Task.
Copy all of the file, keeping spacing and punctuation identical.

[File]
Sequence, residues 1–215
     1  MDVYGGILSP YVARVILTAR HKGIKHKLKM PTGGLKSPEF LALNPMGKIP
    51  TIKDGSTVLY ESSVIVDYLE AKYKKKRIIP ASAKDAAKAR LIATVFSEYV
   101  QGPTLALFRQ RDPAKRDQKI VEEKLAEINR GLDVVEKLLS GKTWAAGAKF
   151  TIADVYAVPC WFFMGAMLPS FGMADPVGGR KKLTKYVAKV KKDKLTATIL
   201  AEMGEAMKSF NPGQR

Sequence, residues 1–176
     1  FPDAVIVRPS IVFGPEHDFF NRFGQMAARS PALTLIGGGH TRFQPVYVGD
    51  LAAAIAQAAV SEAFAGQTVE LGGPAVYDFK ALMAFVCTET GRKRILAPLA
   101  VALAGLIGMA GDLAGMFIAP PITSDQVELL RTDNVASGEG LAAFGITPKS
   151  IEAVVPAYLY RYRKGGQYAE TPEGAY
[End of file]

Sequence, residues 1–215
     1  MDVYGGILSP YVARVILTAR HKGIKHKLKM PTGGLKSPEF LALNPMGKIP
    51  TIKDGSTVLY ESSVIVDYLE AKYKKKRIIP ASAKDAAKAR LIATVFSEYV
   101  QGPTLALFRQ RDPAKRDQKI VEEKLAEINR GLDVVEKLLS GKTWAAGAKF
   151  TIADVYAVPC WFFMGAMLPS FGMADPVGGR KKLTKYVAKV KKDKLTATIL
   201  AEMGEAMKSF NPGQR

Sequence, residues 1–176
     1  FPDAVIVRPS IVFGPEHDFF NRFGQMAARS PALTLIGGGH TRFQPVYVGD
    51  LAAAIAQAAV SEAFAGQTVE LGGPAVYDFK ALMAFVCTET GRKRILAPLA
   101  VALAGLIGMA GDLAGMFIAP PITSDQVELL RTDNVASGEG LAAFGITPKS
   151  IEAVVPAYLY RYRKGGQYAE TPEGAY